Hackers have been using this technique for years

Recently though, researchers at the security company Cofense have spotted a new twist to the ploy, aimed squarely at Human Resources (HR) departments. The recently detected campaign uses fake resume attachments to deliver Quasar Remote Administration Tool. It is affectionately known as RAT. It tries to get any unsuspecting Windows user who can be tricked into jumping through a few hoops.

Here's how it works

An email containing a document that appears to be a resume is sent to someone in a given company.  The document is password-protected, but the password is politely included in the body of the email, and is usually something simple like '123.' If the user enters the password, a popup box will appear, asking the user if he/she wants to enable macros.

Here's where it gets interesting

If the macros are allowed to run, they'll display a series of images and a message announcing that content is loading.  What it's actually doing is throwing out garbage code that's designed to crash analysis and detection tools while RAT is installed quietly in the background.

At that point, the system is compromised. RAT's capabilities give the hackers the ability to open remote desktop connections, log keystrokes and steal passwords, record any webcams in use, download files, and capture screenshots of the infected machine.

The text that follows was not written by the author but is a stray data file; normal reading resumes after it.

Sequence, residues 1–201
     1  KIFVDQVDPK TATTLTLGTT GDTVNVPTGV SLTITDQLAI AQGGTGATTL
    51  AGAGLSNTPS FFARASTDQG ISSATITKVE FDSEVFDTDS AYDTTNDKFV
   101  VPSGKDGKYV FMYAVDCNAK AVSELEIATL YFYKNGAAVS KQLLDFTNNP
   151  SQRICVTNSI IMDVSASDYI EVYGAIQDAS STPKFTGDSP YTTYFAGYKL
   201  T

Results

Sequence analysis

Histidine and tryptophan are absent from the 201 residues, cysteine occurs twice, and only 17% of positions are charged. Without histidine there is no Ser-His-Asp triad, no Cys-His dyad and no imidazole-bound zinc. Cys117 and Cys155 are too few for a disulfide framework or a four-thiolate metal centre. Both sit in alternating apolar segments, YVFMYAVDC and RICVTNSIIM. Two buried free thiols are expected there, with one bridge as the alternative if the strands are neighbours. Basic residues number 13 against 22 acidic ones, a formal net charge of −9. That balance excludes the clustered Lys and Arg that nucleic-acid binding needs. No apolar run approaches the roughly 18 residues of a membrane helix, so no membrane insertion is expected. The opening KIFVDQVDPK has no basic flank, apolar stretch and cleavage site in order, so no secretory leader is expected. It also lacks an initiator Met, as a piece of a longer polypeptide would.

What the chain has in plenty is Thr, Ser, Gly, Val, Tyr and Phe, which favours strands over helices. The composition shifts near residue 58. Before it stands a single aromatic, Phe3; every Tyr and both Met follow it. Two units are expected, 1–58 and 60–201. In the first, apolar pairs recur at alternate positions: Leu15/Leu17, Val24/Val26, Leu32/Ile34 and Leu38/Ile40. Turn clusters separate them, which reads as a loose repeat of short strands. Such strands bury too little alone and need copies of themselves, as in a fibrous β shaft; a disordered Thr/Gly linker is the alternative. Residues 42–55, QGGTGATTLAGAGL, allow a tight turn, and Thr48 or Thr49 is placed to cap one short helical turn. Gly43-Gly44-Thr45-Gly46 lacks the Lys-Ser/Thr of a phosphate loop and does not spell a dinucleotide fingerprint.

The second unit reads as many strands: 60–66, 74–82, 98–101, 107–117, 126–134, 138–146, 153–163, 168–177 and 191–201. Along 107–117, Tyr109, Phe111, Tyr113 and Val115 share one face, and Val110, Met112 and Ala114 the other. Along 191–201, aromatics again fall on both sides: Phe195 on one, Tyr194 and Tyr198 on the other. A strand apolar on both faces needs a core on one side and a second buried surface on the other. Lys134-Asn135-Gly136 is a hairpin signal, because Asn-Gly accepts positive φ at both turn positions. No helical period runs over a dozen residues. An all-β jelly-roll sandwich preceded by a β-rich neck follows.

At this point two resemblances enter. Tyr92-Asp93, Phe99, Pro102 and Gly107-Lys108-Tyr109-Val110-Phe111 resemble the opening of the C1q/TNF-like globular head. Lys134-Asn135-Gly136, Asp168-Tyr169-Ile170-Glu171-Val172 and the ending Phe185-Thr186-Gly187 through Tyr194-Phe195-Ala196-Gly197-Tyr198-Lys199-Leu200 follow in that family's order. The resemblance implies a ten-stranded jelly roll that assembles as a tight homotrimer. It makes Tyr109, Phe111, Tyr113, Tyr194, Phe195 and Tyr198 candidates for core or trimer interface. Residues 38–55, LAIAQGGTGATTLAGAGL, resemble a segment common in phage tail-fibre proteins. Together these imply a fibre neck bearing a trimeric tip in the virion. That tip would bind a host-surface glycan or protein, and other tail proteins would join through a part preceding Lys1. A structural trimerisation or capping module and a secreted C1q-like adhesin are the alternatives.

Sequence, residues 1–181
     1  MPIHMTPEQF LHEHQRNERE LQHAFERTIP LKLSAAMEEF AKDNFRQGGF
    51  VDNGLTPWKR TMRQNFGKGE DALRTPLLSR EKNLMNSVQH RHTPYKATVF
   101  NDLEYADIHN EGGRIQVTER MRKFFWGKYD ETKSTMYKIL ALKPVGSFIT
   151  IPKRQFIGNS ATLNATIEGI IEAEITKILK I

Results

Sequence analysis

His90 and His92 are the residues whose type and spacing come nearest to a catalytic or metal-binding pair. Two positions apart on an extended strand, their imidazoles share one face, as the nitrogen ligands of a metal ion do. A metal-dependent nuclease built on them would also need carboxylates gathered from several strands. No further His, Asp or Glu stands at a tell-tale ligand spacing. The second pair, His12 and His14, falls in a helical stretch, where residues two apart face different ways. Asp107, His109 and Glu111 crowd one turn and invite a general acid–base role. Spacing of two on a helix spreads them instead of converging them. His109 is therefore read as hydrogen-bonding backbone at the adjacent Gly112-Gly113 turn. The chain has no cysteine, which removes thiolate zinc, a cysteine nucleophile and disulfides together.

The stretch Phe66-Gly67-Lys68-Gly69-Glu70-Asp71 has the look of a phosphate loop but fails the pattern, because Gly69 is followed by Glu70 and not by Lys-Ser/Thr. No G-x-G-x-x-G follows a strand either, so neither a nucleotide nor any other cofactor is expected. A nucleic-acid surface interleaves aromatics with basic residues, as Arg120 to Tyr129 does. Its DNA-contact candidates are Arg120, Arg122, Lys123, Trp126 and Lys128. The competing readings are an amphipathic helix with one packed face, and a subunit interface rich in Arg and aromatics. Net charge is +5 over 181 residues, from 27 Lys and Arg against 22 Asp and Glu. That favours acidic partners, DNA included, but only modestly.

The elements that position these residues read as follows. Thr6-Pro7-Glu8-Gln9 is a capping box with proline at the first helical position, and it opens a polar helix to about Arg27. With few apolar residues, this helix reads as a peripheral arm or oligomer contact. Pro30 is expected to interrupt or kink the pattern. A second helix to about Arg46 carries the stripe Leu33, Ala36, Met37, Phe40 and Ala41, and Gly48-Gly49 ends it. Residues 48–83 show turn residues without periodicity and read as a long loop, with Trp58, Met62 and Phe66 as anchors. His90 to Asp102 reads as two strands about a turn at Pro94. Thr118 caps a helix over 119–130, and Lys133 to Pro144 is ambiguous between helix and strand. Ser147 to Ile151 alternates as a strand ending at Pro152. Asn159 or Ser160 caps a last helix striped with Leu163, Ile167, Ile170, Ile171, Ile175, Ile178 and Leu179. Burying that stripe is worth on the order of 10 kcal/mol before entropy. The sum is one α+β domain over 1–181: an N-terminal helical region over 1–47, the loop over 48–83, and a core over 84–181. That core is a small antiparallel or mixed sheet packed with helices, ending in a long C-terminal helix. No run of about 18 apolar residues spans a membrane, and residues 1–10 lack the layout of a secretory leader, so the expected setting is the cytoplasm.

Worst of all, the first part of the infection process knocks out most detection programs. So, the hackers generally have a large window of time to take advantage of the newly created beachhead. That can cause all manner of havoc in your network or simply choose to quietly siphon proprietary data from your systems.

Our perspective

Be on the alert and make sure your HR staff is aware.  This is a nasty campaign and it's just hitting stride.

As Hill Street Blues' Sgt. Esterhaus always advised: "Hey, let's be careful out there!"

Meanwhile, check out this report

This free executive report may give you insights into how to build your business with safe IT environments: 10 Hidden IT Risks That Might Threaten Your Business and 1 Easy Way to Find Them

The author

Thanks for reading this short post. For more tips on thriving with small business technology, check out the other blog posts at DWPia Blogs. I am also available on LinkedIn, Facebook, and Twitter.

Cybersecurity Expert, Small Business Technology Consultant, Managed Services Provider, Managed IT SupportI am Denis Wilson, President and Principal Consultant for DWP Information Architects. I help professionals grow their business by building a foundation of rock-solid information solutions for smaller healthcare, insurance, financial, legal, and nonprofits firms in Ventura County and San Fernando Valley. And have created cost-effective IT solutions, for over 20 years, specializing in cybersecurity and regulatory compliance. I am also a published author and speaker, working extensively with a variety of organizations, as well as providing small business technology education programs through business and professional associations. This just in: I will be speaking regularly at California Lutheran University's Center for Nonprofit Leadership starting in September.

Contact me if you would like me to speak at your association.